Despite all odds stacked against her, she persisted in her pursuit of education. She wasn’t exactly the genius of her class but neither did she settle on being the tail. For her, everything was a struggle but she kept up with the top students as much as she could and never strayed from the top twenty. Her teachers, who mistook her struggles for apathy, complained when she lagged behind in her studies. It was the price she had to pay for wanting to be treated normally, like the rest of her classmates, for trying to prove that her physical handicap bore no effect whatsoever on her ability to learn and think like anybody else. One sentiment she does share was her dislike for maths. “Maths was my childhood enemy, maybe my foe for lifetime.” She would tell you if you prompt her. She would always skip maths classes to the extent that her maths exercise books were literally empty. Her class one teacher was another particularly negative highlight from her early school life. She was too harsh, too rigid; the type to give their seven year old students nightmares. It was from this point, perhaps, that she first learned to hate.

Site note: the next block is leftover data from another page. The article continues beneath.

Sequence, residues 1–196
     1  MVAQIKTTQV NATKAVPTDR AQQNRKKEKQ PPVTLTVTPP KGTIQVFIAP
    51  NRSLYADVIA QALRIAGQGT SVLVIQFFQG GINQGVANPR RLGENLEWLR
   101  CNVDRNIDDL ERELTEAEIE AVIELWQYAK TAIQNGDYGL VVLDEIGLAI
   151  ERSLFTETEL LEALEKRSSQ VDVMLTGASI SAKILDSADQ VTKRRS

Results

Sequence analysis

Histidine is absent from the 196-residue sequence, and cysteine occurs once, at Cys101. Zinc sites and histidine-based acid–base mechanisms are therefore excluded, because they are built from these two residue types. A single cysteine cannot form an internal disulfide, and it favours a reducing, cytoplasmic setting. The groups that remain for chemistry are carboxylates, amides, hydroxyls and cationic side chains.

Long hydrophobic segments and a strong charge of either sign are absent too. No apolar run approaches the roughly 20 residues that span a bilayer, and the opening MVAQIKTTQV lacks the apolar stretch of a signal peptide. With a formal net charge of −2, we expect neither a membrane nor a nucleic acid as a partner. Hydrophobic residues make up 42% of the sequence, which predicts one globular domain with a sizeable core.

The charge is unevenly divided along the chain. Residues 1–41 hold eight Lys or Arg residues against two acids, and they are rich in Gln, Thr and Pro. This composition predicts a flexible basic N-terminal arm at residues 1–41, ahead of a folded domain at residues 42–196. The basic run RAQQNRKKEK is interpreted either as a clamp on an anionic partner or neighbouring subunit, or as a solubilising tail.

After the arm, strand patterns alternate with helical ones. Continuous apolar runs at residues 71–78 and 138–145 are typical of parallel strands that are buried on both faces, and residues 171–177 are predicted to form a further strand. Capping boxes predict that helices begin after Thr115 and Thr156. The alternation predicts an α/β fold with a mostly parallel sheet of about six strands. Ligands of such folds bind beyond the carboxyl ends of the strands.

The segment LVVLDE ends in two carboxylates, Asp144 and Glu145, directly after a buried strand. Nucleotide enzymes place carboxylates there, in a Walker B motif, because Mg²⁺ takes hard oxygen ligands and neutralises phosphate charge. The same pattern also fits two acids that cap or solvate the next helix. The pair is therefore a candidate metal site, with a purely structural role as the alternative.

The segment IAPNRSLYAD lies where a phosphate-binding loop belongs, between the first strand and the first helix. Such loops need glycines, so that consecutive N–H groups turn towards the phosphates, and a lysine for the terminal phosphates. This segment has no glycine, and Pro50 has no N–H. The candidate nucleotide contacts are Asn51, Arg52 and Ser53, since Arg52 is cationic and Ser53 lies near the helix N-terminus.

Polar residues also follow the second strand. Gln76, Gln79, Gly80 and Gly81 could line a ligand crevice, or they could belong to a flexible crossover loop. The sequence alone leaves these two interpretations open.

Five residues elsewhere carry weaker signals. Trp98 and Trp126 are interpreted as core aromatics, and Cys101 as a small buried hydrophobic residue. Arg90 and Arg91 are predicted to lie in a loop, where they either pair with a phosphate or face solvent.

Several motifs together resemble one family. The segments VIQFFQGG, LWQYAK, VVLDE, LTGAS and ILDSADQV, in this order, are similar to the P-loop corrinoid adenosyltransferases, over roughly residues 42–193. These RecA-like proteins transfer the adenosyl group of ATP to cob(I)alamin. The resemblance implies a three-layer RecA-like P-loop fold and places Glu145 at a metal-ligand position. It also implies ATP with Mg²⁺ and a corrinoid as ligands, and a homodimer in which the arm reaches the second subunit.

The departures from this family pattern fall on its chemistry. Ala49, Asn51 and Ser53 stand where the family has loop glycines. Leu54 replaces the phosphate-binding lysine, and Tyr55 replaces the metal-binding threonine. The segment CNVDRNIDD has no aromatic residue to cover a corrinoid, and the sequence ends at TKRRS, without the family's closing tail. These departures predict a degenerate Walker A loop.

After school every day Nafisa used to go for tuition where she made another friend Naheed. “I remember how we would always carry Jujube (commonly known as ‘kunazi’) to the teacher’s home where she conducted the tuitions. When she got distracted with a phone call or when she disappeared in her kitchen, we would quickly throw the Jujubes into our mouths and act innocent when she is back. Despite everything, I did enjoy my childhood,” She laughs lightly.

It was these kinds of moments that gave her the strength to go on with school life but that was only until class eight when she dropped out. Her medical condition was too heavy on her shoulders and decided to call it quits for school life. Yet still no one could ever forget that she had once won the most disciplined girl award or that she had done her very best to not let her disability or stigma fail her entirely. Of course it did mean she had to give up her dream of being a lawyer but she never gave up hope in life. She decided to accept this situation fast and not dwell on the things that couldn’t be changed. She therefore soldiered on…